#indignados: The movement is still alive
[This is the last post from a series of four on the indignados movement in Spain in May and June 2011. To start from the beginning, click here and start reading at the bottom of the page]
More than one month after the seeding rally on May, with the resulting four-week long camps now dismantled; after several crashes with the police, an election massively won by conservatives and, most importantly, several points of division among supporters, nobody could really know how the defiant 15M movement health status was.
But today it has been proved that it’s at it best. With rallies called at some 60 cities across Spain (Madrid has held six on its own!) some 350,000 indignados (“indignants”), as they are known after a book by Stéphane Hessel, have taken the streets. As usual, demands are focused on the cuts in social spending that governments are applying in an attempt to reduce the deficit caused by the rescuing of banks in 2008.
Attempts by conservative media to discredit the movement have been carried out to no avail, as users of social media sites have been quick to respond. The newspaper “La Gaceta” always use the word “illegal” after “indignants”, others argue that demos are only being held because of the socialist defeat at the past elections, and others claim that protesters are in close relation to Basque terrorists. However, pacifism is one of the key points of the movement and, despite the size of the crowd, no violent episodes whatsoever have been registered today.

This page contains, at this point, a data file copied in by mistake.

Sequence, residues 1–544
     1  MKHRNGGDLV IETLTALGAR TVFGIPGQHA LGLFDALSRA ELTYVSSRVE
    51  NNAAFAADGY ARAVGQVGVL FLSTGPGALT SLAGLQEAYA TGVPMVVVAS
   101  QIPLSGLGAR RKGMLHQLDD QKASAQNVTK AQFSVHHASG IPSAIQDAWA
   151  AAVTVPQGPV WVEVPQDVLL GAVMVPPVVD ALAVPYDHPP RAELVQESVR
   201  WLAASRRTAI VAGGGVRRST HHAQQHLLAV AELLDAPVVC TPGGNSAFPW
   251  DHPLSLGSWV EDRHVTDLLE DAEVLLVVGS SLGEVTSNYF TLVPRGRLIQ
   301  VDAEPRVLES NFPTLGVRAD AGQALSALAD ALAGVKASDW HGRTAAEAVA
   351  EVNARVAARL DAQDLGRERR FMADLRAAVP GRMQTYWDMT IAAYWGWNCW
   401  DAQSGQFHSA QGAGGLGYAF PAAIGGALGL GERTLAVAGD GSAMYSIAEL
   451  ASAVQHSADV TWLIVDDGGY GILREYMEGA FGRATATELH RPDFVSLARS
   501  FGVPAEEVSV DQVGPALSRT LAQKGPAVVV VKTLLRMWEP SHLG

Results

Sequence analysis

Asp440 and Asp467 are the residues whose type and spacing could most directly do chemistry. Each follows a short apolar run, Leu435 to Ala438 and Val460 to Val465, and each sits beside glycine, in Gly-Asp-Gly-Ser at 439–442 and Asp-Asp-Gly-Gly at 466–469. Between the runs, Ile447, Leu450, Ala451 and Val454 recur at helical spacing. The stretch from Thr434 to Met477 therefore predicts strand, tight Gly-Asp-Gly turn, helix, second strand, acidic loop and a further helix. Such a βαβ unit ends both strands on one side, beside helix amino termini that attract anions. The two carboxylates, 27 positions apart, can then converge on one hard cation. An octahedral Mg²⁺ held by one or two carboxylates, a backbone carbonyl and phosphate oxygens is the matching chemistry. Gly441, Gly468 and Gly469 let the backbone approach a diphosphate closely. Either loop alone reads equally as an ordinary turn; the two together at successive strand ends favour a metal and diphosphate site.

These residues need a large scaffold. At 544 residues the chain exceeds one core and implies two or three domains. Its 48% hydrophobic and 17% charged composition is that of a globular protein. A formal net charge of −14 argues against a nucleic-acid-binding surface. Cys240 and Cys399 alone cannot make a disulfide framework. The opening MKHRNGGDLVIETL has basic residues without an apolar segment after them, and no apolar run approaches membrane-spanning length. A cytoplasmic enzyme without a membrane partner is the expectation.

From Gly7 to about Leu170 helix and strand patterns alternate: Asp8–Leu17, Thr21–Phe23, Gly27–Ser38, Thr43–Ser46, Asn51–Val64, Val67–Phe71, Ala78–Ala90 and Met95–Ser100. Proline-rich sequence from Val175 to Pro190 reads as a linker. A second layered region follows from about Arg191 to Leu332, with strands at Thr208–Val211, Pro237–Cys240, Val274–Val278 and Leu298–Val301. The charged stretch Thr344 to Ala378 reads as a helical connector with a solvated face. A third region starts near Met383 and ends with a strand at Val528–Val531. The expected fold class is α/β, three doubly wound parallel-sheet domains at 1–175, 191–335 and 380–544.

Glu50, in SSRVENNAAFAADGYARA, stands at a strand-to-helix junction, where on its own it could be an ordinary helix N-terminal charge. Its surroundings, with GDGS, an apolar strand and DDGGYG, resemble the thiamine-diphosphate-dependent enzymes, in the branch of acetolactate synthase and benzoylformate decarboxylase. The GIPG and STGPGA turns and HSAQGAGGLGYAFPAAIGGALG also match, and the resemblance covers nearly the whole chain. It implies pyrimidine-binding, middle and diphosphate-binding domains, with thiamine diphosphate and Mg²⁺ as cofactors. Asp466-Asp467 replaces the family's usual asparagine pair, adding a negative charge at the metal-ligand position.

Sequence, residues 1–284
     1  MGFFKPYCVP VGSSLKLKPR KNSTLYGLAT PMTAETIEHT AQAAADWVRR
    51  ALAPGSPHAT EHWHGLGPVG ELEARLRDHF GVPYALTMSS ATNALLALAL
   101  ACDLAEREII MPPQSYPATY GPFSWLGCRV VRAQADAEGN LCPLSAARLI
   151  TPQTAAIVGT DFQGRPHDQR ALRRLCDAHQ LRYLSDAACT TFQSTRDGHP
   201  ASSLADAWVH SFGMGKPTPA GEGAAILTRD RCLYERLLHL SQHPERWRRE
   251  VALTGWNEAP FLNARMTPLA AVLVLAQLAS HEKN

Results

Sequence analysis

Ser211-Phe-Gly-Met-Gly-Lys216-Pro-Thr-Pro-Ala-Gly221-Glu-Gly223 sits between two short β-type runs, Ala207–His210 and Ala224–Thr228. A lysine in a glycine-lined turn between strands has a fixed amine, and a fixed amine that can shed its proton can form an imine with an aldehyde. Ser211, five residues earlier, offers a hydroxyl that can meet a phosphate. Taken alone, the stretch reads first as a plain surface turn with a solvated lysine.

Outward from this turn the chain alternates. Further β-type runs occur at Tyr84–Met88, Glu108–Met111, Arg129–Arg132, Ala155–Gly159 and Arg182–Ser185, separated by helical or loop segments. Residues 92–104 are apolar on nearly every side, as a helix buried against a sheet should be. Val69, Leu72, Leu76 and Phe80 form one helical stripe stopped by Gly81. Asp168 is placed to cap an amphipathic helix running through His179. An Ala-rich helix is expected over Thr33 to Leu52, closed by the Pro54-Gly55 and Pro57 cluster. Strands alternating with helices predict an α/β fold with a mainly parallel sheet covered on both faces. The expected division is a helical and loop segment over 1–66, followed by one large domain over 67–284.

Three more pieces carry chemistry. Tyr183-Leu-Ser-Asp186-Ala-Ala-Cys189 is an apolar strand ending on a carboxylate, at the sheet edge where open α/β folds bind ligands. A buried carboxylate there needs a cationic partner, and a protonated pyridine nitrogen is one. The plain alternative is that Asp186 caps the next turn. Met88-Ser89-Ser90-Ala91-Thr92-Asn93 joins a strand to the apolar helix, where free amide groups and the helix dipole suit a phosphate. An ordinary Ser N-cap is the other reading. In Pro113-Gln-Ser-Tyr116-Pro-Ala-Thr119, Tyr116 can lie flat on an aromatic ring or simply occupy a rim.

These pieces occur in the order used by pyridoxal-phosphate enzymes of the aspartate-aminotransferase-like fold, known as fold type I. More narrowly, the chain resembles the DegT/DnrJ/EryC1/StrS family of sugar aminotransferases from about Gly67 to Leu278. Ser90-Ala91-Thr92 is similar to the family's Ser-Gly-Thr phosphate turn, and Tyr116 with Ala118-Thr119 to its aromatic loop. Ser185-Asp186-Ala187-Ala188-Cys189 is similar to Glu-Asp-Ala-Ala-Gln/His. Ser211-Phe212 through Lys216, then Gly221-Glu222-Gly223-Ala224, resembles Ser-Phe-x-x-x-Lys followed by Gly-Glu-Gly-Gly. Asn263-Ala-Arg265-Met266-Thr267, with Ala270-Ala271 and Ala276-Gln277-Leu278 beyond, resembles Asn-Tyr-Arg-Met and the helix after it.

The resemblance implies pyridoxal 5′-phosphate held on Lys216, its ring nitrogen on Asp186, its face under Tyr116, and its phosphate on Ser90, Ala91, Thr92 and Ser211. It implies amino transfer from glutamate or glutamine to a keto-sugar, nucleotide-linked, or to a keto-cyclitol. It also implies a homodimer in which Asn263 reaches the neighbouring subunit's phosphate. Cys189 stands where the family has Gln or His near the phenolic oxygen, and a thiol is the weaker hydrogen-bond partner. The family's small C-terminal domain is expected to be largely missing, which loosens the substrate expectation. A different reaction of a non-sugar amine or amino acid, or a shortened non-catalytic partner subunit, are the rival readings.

Indeed, political parties and traditional media don’t know how to handle a situation that is totally out of their control and that they don’t fully comprehend. We are facing a true revolution, a step forward in history that is being determined by the spread of new technologies and that will lead to a purer, more participative form of democracy.
They better join us soon or history will leave them behind.